Urban Enoteca

By Phyllis Stein-Novack
Add Comment Add Comment | Comments: 6 | Posted May. 31, 2012

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Urban Enoteca, located on the ground floor of The Latham Hotel, is a place to grab a bite following a day of shopping along Walnut Street.

Photo by Greg Bezanis

For the past five years or so, the restaurant on the lobby floor of The Latham Hotel had been vacant. I would walk by and wonder when a new restaurant would open.

Urban Enoteca now fills the space, and is open for breakfast, lunch, weekend brunch and dinner.

The dining area, which is small by hotel standards, has a bar, community table in the center, as well as comfortable, dark wood tables and blue upholstered chairs.

Sandy and I made three visits to Urban Enoteca. The all-day menu suited us although a few hot entrées are added after 5 p.m.

I savored the Portofino fish sandwich ($15) prepared with fresh, juicy haddock dipped into a batter blended with Peroni beer. The fish, served on a ciabatta roll, sat on a thin layer of Provolone and was topped with a lemon tartar sauce, which added a bit of zing. It comes with a choice of coleslaw or truffle fries, which could have been a bit more crispy, but Sandy and I enjoyed the flavor.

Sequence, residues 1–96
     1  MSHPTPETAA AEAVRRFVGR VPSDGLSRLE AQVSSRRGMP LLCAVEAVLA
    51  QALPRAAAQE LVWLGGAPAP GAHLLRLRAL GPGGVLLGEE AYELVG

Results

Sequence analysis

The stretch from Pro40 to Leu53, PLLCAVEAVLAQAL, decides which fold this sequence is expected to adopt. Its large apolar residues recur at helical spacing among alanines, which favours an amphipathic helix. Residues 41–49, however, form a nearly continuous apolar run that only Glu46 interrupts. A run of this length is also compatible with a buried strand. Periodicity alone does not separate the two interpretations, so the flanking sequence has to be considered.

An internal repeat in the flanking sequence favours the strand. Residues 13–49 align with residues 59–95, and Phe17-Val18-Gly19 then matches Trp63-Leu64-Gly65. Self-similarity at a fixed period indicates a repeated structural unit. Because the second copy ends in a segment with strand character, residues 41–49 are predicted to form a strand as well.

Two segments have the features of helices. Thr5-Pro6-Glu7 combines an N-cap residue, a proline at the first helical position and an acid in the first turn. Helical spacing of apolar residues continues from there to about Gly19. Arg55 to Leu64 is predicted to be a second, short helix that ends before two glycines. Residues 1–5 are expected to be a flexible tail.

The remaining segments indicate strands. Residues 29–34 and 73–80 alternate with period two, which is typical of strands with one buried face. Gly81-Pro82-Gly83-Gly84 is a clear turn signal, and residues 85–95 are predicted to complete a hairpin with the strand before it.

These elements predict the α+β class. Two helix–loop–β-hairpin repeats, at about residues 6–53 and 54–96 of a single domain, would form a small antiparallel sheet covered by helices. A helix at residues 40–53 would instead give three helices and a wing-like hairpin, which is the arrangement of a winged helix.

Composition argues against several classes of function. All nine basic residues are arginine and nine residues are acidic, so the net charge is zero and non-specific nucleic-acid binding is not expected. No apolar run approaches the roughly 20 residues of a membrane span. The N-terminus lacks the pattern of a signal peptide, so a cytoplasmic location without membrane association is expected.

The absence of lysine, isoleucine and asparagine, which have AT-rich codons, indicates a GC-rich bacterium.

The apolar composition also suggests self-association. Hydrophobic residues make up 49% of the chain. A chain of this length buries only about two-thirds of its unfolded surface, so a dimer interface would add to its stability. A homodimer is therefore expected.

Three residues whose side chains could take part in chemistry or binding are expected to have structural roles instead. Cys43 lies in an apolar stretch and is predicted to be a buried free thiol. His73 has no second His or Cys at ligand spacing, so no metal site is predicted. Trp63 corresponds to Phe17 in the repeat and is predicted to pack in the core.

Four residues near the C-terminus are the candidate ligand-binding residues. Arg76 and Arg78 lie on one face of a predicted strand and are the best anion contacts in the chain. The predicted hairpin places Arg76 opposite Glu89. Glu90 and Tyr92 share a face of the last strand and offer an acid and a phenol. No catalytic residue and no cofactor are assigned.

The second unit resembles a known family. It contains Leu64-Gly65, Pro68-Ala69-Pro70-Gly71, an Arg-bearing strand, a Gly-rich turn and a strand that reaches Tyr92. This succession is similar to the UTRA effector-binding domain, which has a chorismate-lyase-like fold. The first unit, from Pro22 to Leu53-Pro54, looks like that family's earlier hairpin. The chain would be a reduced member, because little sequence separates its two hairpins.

Sandy ate her first vegetarian sandwich with gusto. Grilled vegetable panini ($12) consisted of marinated zucchini, meaty portobello mushrooms, Provolone, roasted red peppers, tangy goat cheese and tomato spread with aioli on a pressed Italian roll.

Since Walnut Street is a favorite shopping mecca for us, we headed back to Urban Enoteca a week later.

“Let’s share the steak salad since last week [our server] Michael told us it is quite large,” I said to my sister.

We ordered the beef medium-rare. The menu bistecca steak salad ($18) with grilled marinated sirloin, mixed greens, olives, Gorgonzola, artichokes, Italian pignolis, herb-roasted tomatoes, crispy onions and white balsamic vinaigrette."

It was dreadful, overdressed and inedible. Ordinary bagged mesclun was used and since it was a soggy mess, one cannot call them crisp greens. There was so much imitation balsamic vinegar that we had to return it.

The manager apologized. Two new salads were prepared with some yellow romaine leaves, ramekins of olive oil, lemon wedges, one artichoke loaded with vinegar, two pitted olives, sliced beef and a few pine nuts. I needed a microscope to detect the Gorgonzola.

The manager saw us picking at our lunch. He gave me his card and invited us to lunch. The gentleman had no idea of my identity.

Prosciutto-crusted white prawns ($10) consisted of two medium shrimp wrapped in Prosciutto. They were flavorful, but someone forgot the oregano salad. There were four tiny oregano leaves, along with dots of honey laced with lemon, on the plate.

Sandy had to try the fish sandwich that I enjoyed two weeks before. She loved it.

Our server brought us a basket of warm ciabatta and Italian bread baked with Asiago cheese. The butter, topped with sea salt and snipped fresh chives, was soft.